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HEADLINES

Last refuge of scoundrels and fools

Last refuge of scoundrels

and fools

Dr. Richard L. Benkin writes from USA

Last week should have been the final tip off for the Bangladeshi government; but true to form in its persecution of Weekly Blitz editor Salah Uddin Shoaib Choudhury, the government ignored signs that even a child could recognize.  Noted international human rights attorney, Dr. Irwin Cotler, spoke on behalf of Shoaib in the Canadian Parliament, at the same time making it clear that he had joined the anti-terrorist editor’s defense.  Cotler’s previous clients include Nelson Mandela, Andrei Sakharov and other noted freedom fighters.  Now, Salah Uddin Shoaib Choudhury’s name is being mentioned in the same breath as them; putting the government of Bangladesh in the same company as apartheid South Africa and the Soviet Union.

In the previous month, resolutions condemning Bangladesh’s persecution of Shoaib had been prepared, introduced, or passed in several countries, including the United States (the largest importer of Bangladeshi garments) and the European Union (the largest donor of aid to Bangladesh).  And let us recall that in previous communications, Bangladeshi officials have admitted that there is no basis for the sedition charge against Shoaib, but that they were refraining from rectifying the injustice in order to appease Islamist radicals—not a position that sits well in these countries that are committed to fighting those same radicals.  Unfortunately, Bangladeshi officials were either unable or unwilling to acknowledge the impending disaster.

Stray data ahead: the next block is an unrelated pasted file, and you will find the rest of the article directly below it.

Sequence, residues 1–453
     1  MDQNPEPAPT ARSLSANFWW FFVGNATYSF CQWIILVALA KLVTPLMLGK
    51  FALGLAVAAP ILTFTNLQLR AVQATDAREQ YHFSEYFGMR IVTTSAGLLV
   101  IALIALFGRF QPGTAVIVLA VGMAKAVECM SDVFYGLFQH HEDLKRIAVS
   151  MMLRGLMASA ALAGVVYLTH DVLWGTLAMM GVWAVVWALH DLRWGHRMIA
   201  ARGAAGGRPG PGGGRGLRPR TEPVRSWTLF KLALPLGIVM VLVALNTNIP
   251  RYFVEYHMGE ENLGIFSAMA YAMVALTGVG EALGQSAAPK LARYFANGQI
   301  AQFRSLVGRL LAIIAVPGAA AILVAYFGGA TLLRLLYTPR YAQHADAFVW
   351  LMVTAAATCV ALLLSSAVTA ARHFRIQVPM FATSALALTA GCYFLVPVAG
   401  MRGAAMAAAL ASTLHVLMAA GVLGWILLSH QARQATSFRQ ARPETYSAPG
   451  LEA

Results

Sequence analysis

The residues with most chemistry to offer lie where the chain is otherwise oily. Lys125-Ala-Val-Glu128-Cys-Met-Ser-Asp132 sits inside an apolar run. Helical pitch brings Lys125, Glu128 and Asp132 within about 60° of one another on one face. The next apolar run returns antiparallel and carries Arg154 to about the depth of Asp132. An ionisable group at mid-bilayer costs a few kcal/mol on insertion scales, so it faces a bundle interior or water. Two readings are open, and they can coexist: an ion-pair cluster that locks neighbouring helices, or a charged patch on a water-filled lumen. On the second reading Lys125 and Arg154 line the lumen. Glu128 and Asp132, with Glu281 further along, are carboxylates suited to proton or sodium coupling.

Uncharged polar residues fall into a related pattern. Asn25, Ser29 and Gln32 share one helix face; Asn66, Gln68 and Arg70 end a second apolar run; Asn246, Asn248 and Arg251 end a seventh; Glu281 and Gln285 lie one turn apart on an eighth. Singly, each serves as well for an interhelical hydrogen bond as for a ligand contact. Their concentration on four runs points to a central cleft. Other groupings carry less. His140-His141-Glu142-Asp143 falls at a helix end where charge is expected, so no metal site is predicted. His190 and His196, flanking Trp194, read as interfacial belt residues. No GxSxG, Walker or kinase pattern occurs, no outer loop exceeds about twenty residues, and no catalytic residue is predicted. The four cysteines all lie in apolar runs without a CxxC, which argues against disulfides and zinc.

Most Bangladeshi embassies and officials remained mum on the issue, for the most part refusing to return calls from journalists and officials from their host countries.  One exception was the Bangladeshi embassy in Washington, which tried to convince American officials that it was all a tempest in a teapot.  If anything, the embassy’s action only confirmed the injustice and made passage of the Congressional Resolution in support of Shoaib early next year even more likely.  For in attempting to convince the Americans to hold back, the Bangladesh embassy made at least four critical errors.

Mistake #1:  Trying the Same Failed Argument without Anything New.  It was never a terribly compelling argument to begin with, but at one or another time previously, Americans had held actions in abeyance in deference to Bangladeshi requests so, they said, they could work their way toward justice for Shoaib.  According to highly reliable sources, that was the message that the embassy gave Americans last week regarding the impending resolution.  Yawns greeted the argument as when the advice was taken previously, the government never delivered on its promised goods.  Nor did the Bangladeshis offer a shred of evidence last week or even convincing rhetoric to suggest that this time things would be any different.  That told US lawmakers that the Bangladeshis had nothing better to offer, and that they did not think much of the Americans’ discernment.  It did not sit well.